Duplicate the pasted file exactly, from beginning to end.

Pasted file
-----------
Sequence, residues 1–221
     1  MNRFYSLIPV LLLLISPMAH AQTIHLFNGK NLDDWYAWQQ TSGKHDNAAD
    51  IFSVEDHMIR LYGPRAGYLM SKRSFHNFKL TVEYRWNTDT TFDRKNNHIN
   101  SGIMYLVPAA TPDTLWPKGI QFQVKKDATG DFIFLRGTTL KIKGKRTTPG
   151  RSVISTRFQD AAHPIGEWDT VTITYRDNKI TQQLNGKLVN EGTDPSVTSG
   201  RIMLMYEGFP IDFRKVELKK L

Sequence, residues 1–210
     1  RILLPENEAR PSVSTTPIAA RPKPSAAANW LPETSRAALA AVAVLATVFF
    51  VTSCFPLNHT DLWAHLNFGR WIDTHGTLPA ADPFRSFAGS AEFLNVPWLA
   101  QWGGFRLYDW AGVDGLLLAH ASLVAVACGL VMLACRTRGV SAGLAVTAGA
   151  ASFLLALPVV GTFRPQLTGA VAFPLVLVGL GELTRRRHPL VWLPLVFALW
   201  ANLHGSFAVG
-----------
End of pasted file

Sequence, residues 1–221
     1  MNRFYSLIPV LLLLISPMAH AQTIHLFNGK NLDDWYAWQQ TSGKHDNAAD
    51  IFSVEDHMIR LYGPRAGYLM SKRSFHNFKL TVEYRWNTDT TFDRKNNHIN
   101  SGIMYLVPAA TPDTLWPKGI QFQVKKDATG DFIFLRGTTL KIKGKRTTPG
   151  RSVISTRFQD AAHPIGEWDT VTITYRDNKI TQQLNGKLVN EGTDPSVTSG
   201  RIMLMYEGFP IDFRKVELKK L

Sequence, residues 1–210
     1  RILLPENEAR PSVSTTPIAA RPKPSAAANW LPETSRAALA AVAVLATVFF
    51  VTSCFPLNHT DLWAHLNFGR WIDTHGTLPA ADPFRSFAGS AEFLNVPWLA
   101  QWGGFRLYDW AGVDGLLLAH ASLVAVACGL VMLACRTRGV SAGLAVTAGA
   151  ASFLLALPVV GTFRPQLTGA VAFPLVLVGL GELTRRRHPL VWLPLVFALW
   201  ANLHGSFAVG